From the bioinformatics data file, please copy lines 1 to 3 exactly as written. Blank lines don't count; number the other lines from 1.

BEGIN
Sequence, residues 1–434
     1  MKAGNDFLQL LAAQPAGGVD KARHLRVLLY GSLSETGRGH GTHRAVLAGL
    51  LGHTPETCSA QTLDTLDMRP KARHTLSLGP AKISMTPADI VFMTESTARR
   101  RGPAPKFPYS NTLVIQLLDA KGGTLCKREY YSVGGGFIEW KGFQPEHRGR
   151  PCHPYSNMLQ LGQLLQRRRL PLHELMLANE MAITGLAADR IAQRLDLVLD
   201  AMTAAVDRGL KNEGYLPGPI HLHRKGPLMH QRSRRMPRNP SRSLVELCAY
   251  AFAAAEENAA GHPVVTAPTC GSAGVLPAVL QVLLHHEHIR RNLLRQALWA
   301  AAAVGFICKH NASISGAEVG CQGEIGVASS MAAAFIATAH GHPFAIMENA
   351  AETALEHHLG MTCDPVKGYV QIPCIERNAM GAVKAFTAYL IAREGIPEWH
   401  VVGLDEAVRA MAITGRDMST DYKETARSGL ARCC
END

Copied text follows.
Sequence, residues 1–434
     1  MKAGNDFLQL LAAQPAGGVD KARHLRVLLY GSLSETGRGH GTHRAVLAGL
    51  LGHTPETCSA QTLDTLDMRP KARHTLSLGP AKISMTPADI VFMTESTARR